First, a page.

Taliban did not hurt us: freed Frenchmen
Two French journalists reunited with their families Thursday after 18 months' captivity in Afghanistan said their Taliban captors did not hurt them, but shed little light on how they were freed.
Cameraman Stephane Taponier and reporter Herve Ghesquiere, both 48, stepped into the sunshine at a military airport near Paris on Thursday morning, hugged and kissed relatives and shook hands with President Nicolas Sarkozy.
"I'm hungry for freedom, hungry for love, hungry full stop," Taponier told France 3 television.
Looking relaxed and healthy, they told reporters on the tarmac that they had not been mistreated by their captors but did not enjoy the Afghan mountain food, and passed the time listening to the radio and doing exercises.
"We were locked up 23 and three-quarter hours a day with just two toilet breaks, dawn and evening," said Ghesquiere, looking tired but smiling and laughing at times.
"We were never beaten," he said, but admitted he had some "minor health problems" after his long ordeal.
"The food wasn't the hostage special, it was more the Afghan mountain special -- not much to eat and always the same thing... It was really awful."
He said they had interesting discussions with their captors, via their interpreter Reza Din who was captured with them.
"You had to be tough... We hung in there, with lots of help from our interpreter Reza, who is also with his family now in Kabul," he said.
"We are very, very well," said Taponier. "We were never threatened, but the living conditions were still very hard."
Ghesquiere confirmed that he and Taponier were held "alone" separately last year for eight months of their ordeal.
The journalists, who work for state network France 3, were freed along with Din on Wednesday in circumstances that remained unclear.
Taponier said that after having their hopes of release raised and dashed several times, they were given traditional white Taliban garments and taken on a long hike to a house where they were freed.
Two other Afghans captured with them had been released earlier, Foreign Minister Alain Juppe said. He denied a ransom was paid and said Afghanistan's President Hamid Karzai had helped Paris secure the Frenchmen's release.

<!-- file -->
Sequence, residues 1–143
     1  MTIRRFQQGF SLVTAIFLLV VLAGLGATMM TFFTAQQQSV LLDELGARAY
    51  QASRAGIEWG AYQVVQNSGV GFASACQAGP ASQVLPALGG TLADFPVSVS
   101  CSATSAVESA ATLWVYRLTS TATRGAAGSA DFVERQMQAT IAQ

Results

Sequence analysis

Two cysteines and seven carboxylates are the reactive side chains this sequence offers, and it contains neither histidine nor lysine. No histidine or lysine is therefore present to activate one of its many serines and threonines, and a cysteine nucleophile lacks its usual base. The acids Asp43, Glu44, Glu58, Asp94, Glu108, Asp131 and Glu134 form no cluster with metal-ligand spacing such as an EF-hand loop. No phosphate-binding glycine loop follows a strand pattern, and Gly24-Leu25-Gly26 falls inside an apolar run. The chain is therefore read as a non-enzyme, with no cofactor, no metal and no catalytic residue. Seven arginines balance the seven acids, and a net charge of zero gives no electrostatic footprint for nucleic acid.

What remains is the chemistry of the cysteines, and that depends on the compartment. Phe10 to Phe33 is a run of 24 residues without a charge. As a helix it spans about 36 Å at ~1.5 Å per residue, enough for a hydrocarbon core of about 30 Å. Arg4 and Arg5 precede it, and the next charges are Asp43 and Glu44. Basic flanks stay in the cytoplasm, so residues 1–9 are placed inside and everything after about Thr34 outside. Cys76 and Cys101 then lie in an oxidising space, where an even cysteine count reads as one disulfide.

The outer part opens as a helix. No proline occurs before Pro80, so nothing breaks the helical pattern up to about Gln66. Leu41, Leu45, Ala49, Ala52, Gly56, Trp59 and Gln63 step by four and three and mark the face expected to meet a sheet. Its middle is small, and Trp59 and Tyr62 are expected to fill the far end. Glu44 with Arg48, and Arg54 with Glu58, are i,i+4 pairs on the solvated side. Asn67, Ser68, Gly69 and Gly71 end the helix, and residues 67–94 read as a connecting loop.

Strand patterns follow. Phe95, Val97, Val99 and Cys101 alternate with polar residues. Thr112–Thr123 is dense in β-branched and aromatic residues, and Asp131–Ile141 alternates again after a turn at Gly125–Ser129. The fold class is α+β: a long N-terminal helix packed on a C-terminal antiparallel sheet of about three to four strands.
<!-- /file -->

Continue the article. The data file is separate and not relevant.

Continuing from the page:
French press citing unnamed officials reported a long negotiation process involving the French secret service, various intermediaries and a network of Taliban leaders.
The two Frenchmen had become the longest-held Western hostages in the nation stricken by the war which they were covering when they were captured on December 30, 2009.
Their abduction was claimed by the Taliban, the Islamist group that ruled Afghanistan until a US-led invasion in 2001, now in revolt against the Kabul government. The Taliban accused the journalists of spying.
Al-Qaeda leader Osama bin Laden, killed by US forces in Pakistan last month, had warned the journalists' release would depend on France withdrawing its nearly 4,000 soldiers from Afghanistan.
Sarkozy announced last week that France would begin pulling out hundreds of troops this year in line with US withdrawals. Juppe denied the men's release was linked to this announcement.
Stepping off the plane earlier, the journalists embraced waiting relatives and shook hands with Sarkozy and his wife Carla Bruni-Sarkozy.
A few months after the abduction, Sarkozy had said the two were to blame for venturing into the dangerous region, outraging their media colleagues who waged a continuous campaign to make sure they were not forgotten.
Ghesquiere said Thursday he remained devoted to war reporting despite his ordeal.
"I'm not likely to go back to Afghanistan tomorrow or the day after," he said. "But I want to do this job more than ever."
© 2011 AFP